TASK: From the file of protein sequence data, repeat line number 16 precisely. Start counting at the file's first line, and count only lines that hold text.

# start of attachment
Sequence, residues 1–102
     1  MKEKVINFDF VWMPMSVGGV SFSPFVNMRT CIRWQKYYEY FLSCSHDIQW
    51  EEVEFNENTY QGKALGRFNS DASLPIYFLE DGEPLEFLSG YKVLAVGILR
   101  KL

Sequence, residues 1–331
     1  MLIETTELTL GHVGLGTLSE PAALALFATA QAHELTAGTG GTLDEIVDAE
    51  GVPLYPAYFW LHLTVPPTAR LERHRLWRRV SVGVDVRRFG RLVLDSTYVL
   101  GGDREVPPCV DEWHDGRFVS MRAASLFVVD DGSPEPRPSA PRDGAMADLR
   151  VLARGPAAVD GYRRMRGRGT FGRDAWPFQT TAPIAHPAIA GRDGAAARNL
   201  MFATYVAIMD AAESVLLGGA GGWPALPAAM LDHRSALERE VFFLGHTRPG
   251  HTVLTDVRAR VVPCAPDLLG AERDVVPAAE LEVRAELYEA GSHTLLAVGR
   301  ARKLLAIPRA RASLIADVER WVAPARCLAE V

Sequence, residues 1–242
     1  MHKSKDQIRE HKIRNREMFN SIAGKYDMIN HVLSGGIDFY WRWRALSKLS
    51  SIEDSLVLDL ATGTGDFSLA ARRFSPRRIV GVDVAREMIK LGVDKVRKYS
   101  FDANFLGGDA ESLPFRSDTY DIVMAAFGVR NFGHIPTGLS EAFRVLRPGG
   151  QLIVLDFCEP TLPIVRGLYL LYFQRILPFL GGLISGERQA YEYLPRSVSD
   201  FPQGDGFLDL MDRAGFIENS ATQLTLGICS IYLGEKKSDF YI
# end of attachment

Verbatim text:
   101  FDANFLGGDA ESLPFRSDTY DIVMAAFGVR NFGHIPTGLS EAFRVLRPGG